The Omicron variant, which is now responsible for more than 70 percent of the new coronavirus cases in the United States, has already helped push daily case averages in the United States above 200,000 for the first time in nearly 12 months, according to The New York Times’s coronavirus tracker.
An airline trade group has asked the Centers for Disease Control and Prevention to shorten the recommended isolation period for fully vaccinated employees who test positive to a maximum of five days, from 10 days, before they can return with a negative test.
“Swift and safe adjustments by the C.D.C. would alleviate at least some of the staffing pressures and set up airlines to help millions of travelers returning from their holidays,” said Derek Dombrowski, a JetBlue spokesman.
The flight attendants’ union, however, has argued that reductions in recommended isolation times should be decided on “by public health professionals, not airlines.”
Some of this weekend’s delays had little to do with the pandemic. Alaska Airlines had only a few cancellations related to crew exposures to the coronavirus, according to a spokeswoman, Alexa Rudin. Yet it had canceled 170 flights those two days, according to FlightAware, including 21 percent of its Sunday flights, because of unusually cold and snowy weather in the Pacific Northwest, which affected its hub, Seattle-Tacoma International Airport.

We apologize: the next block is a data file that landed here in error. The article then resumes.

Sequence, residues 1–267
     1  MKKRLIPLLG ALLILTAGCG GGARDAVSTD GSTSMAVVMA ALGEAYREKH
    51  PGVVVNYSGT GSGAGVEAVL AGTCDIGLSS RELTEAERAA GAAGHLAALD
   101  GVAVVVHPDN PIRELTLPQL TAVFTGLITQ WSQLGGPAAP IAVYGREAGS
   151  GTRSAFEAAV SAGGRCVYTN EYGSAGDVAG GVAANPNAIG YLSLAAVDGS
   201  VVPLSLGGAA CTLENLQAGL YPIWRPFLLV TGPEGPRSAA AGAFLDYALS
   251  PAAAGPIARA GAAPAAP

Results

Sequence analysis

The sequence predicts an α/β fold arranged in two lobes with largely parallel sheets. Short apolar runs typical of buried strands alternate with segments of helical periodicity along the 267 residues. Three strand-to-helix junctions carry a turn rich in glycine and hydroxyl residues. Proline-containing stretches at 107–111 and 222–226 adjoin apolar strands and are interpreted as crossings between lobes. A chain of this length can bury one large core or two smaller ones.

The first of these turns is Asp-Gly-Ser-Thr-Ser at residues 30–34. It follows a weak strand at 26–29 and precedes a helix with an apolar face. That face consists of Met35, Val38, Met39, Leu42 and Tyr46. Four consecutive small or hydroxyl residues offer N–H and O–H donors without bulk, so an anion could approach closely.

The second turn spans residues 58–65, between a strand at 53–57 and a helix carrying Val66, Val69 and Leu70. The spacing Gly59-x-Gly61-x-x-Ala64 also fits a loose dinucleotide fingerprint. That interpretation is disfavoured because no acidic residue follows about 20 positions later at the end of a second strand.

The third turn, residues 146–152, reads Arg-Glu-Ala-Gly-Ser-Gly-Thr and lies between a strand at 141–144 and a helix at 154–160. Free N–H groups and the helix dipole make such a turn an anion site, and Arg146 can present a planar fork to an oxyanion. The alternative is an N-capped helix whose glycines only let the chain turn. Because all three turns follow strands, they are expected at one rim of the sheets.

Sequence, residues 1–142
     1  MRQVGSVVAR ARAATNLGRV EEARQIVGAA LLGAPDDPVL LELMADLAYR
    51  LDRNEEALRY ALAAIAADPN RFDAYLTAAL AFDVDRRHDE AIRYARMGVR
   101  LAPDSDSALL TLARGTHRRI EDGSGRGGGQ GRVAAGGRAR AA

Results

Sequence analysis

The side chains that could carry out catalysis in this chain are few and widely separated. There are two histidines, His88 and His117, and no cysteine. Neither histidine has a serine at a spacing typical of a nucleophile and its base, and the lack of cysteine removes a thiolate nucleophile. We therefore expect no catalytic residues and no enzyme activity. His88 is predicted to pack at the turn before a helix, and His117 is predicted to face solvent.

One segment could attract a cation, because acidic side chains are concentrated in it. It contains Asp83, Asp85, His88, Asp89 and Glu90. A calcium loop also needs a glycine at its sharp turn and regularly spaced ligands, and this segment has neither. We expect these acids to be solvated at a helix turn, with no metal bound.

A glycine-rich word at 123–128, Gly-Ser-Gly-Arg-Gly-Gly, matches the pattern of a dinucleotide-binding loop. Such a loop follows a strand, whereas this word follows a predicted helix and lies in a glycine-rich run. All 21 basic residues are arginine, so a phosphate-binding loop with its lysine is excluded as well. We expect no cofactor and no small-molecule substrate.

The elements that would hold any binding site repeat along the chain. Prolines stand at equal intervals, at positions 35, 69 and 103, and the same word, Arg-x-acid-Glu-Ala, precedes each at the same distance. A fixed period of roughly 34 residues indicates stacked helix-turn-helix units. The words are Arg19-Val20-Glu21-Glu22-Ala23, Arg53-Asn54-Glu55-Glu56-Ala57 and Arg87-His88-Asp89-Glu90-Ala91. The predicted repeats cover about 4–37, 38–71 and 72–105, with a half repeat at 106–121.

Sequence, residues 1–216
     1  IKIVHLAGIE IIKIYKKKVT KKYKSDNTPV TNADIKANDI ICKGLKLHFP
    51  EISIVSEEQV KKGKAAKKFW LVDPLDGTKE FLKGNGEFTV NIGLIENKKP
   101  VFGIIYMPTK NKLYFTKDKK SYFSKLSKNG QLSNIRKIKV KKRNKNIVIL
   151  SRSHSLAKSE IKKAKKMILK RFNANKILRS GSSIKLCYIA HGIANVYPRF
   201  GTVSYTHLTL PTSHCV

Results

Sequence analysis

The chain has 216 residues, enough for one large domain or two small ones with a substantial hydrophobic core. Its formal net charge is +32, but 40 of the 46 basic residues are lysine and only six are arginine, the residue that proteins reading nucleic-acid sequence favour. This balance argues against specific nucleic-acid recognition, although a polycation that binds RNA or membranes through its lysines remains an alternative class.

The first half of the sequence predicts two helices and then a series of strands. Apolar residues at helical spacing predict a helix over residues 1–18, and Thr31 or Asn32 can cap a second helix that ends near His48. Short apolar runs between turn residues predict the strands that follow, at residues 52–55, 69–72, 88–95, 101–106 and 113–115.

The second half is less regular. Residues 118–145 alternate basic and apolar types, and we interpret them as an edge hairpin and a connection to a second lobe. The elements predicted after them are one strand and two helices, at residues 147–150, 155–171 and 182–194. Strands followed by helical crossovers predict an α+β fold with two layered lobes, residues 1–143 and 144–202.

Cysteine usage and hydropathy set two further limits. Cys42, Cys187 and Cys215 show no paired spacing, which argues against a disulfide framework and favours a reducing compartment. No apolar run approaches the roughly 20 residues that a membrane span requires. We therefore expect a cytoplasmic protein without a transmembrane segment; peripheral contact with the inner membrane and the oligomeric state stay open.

The pandemic has also caused a shortage of train and bus workers nationwide. In New York City, the Metropolitan Transportation Authority is also dealing with an uptick in positive cases among its staff, which is 80 percent vaccinated. It said that subway service on Monday was running on a normal schedule, with scattered exceptions.
“Whatever we can do as riders to help minimize the risk to transit workers will help to reduce the spread,” said Lisa Daglian, the executive director of the Permanent Citizens Advisory Committee to the M.T.A., a watchdog group. “The M.T.A. is doing what it can with the resources it has available.”